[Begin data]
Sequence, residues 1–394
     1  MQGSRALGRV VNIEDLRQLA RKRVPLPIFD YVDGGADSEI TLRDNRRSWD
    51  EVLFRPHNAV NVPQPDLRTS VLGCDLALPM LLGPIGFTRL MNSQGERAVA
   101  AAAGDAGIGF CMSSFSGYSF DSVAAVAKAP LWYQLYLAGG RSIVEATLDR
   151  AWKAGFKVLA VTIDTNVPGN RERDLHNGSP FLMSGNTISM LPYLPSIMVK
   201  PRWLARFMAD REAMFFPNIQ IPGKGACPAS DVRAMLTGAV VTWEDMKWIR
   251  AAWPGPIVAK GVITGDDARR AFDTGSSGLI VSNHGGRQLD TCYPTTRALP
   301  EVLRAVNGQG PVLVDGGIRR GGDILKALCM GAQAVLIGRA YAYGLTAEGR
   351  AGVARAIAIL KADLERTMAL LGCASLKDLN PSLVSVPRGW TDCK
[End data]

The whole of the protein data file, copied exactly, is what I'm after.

Sequence, residues 1–394
     1  MQGSRALGRV VNIEDLRQLA RKRVPLPIFD YVDGGADSEI TLRDNRRSWD
    51  EVLFRPHNAV NVPQPDLRTS VLGCDLALPM LLGPIGFTRL MNSQGERAVA
   101  AAAGDAGIGF CMSSFSGYSF DSVAAVAKAP LWYQLYLAGG RSIVEATLDR
   151  AWKAGFKVLA VTIDTNVPGN RERDLHNGSP FLMSGNTISM LPYLPSIMVK
   201  PRWLARFMAD REAMFFPNIQ IPGKGACPAS DVRAMLTGAV VTWEDMKWIR
   251  AAWPGPIVAK GVITGDDARR AFDTGSSGLI VSNHGGRQLD TCYPTTRALP
   301  EVLRAVNGQG PVLVDGGIRR GGDILKALCM GAQAVLIGRA YAYGLTAEGR
   351  AGVARAIAIL KADLERTMAL LGCASLKDLN PSLVSVPRGW TDCK